Drupal and Salesforce Integrations Get Some (Data) Integrity
Hot on the heels of our all-hands-on-deck sprint to release RedHen Raiser, we decided to change gears to focus on some of our marquee open source contributions, namely the Salesforce Suite.
The Salesforce Suite has been around since Drupal 5 and it’s evolved quite a bit in order to keep up with the ever-changing Salesforce and Drupal landscapes. Several years ago, we found ourselves relying heavily upon the Salesforce Suite for our Salesforce-Drupal integrations. But there came a point where we realized the module could no longer keep up with our needs. So we, in collaboration with the maintainers of the module at the time, set out to rewrite the suite for Drupal 7.
We completely rewrote the module, leveraging Drupal’s entity architecture, Salesforce’s REST API, and OAUTH for authentication. We also added much-needed features such as a completely new user experience, the ability to synchronize any Drupal and Salesforce objects, and a number of performance enhancements. This was a heck of an undertaking, and there were dozens of other improvements we made to the suite that you can read about in this blog post. We’ve maintained this module ever since and have endeavored to add new features and enhancements as they become necessary. We realized this winter that it was time for yet another batch of improvements as the complexity and scale of our integrations has grown.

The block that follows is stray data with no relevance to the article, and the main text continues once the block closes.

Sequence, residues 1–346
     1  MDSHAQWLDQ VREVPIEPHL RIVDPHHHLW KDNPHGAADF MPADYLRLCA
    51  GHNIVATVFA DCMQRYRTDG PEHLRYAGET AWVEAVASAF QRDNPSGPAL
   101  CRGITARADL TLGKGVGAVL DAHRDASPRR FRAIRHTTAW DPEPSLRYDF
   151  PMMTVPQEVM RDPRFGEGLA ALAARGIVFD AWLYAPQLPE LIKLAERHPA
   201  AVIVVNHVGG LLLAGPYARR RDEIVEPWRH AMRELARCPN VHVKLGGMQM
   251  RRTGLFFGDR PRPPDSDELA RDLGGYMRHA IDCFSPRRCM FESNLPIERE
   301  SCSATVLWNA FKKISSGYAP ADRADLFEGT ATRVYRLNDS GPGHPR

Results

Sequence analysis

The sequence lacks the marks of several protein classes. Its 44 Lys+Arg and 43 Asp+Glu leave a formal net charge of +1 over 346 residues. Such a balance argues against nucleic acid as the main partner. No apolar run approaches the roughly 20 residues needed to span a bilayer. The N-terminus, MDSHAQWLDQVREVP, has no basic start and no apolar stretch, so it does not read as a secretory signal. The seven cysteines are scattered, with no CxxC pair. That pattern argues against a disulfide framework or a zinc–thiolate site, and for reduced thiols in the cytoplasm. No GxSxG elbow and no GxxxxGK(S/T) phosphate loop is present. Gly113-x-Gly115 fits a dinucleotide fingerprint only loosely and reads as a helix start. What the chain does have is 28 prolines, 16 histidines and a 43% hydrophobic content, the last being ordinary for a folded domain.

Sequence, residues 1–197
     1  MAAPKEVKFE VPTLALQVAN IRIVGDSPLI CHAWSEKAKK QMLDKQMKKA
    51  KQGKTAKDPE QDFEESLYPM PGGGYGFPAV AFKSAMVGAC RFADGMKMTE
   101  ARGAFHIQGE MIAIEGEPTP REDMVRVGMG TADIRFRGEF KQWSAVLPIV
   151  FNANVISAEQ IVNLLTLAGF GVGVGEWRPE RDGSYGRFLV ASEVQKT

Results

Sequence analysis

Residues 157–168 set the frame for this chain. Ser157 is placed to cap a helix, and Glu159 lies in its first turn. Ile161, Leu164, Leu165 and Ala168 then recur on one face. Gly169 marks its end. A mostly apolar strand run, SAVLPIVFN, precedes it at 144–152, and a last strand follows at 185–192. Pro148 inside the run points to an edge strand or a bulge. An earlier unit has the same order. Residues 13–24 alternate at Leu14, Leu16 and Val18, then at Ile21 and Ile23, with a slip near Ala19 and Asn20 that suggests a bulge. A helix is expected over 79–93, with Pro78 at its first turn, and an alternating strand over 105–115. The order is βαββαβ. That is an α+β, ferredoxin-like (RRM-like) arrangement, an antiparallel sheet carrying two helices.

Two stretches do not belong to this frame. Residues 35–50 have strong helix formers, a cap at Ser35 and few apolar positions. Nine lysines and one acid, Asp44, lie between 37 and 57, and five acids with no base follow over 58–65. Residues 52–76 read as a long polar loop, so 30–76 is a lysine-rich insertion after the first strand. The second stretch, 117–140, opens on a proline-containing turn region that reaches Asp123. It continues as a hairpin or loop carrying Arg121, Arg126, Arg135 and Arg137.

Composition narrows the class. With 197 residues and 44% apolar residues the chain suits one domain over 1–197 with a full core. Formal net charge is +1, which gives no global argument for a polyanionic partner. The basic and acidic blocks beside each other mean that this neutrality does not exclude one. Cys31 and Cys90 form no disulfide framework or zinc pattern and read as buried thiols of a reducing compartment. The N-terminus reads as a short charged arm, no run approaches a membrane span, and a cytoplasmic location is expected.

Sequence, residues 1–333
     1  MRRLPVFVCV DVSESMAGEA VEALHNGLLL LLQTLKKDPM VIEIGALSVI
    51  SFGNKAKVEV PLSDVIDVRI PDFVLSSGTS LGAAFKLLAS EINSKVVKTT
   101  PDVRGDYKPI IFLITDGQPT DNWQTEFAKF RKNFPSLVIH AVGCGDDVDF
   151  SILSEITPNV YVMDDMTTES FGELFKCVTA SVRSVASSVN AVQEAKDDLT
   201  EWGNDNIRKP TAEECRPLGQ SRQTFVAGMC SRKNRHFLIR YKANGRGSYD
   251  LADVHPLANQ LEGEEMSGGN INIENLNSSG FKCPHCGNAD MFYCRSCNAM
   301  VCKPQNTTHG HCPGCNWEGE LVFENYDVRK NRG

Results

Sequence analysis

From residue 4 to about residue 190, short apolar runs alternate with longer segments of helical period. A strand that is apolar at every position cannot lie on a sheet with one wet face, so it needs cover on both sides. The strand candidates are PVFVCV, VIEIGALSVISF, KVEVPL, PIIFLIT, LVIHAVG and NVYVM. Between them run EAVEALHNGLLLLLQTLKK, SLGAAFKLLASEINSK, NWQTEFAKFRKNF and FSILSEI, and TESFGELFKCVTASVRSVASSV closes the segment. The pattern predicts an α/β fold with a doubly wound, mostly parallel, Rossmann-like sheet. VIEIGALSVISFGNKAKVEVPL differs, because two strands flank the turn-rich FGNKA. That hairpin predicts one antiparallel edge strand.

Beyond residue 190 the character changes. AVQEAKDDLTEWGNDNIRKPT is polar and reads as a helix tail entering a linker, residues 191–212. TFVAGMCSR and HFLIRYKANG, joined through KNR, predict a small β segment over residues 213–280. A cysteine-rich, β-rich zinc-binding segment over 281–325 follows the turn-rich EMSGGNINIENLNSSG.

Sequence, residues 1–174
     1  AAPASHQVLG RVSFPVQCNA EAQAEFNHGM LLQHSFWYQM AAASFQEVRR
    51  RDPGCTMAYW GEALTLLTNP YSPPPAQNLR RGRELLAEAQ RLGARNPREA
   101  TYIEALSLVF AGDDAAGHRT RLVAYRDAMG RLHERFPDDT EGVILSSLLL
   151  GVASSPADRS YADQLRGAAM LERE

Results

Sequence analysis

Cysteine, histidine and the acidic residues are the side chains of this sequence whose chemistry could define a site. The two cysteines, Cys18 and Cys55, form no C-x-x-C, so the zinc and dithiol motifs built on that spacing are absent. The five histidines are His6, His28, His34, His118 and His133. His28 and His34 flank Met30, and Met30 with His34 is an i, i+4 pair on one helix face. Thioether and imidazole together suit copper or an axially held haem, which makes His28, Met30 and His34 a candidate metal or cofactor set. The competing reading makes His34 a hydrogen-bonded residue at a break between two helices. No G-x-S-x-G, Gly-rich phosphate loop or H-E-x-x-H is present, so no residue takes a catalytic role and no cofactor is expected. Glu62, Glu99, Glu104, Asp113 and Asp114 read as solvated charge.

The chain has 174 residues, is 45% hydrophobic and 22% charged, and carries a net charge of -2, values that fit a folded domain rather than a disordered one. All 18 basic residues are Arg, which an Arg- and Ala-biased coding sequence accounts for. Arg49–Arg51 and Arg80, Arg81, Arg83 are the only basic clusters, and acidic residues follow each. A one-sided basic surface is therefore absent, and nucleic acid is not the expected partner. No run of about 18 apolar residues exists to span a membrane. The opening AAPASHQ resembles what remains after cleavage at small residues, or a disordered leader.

In addition to over 150 performance enhancements and bug fixes, this release features an all new Drupal entity mapping system which shows a log of all synchronization activity, including any errors. You can now see a log entry for every attempted data synchronization. If there’s a problem, the log will tell you where it is and why it’s an issue. There’s now a whole interface designed to help you pinpoint where these issues are so you can solve them quickly.
Administrators can even manually create or edit a connection between Drupal and Salesforce objects. Before this update, the only way to connect two objects was to create the mapping and then wait for an object to be updated or created in either Drupal or Salesforce. Now you can just enter the Salesforce ID and you’re all set.
Take the following example to understand why these improvements are so critical. Say that your constituents are volunteering through your Drupal site using the Registration module. The contacts are created or updated in RedHen and then synced to Salesforce. For some reason, you can see the new volunteers in Drupal, but they are not showing in Salesforce. It used to be that the only clue to a problem was buried in the error log. Now, all you have to do is go to the RedHen contact record, and then click “Salesforce activity,” and you’ll see a record of the attempted sync and an explanation of why it failed. Furthermore, you can manually connect the contact to Salesforce by entering the Salesforce ID.
Finally, you can now delete existing mappings, or map to an entirely different content type. The bottom line is that module users have more control of, and insights into, how their data syncs to Salesforce. You can download version 7.x-3.1 from Drupal.org and experience these improvements for yourself.
We’ve been hard at work polishing several other of our modules and tools, like the RedHen suite and Entity Registration, which also saw new releases. We’ll tell you more about what you can expect from those new versions in our upcoming blogs.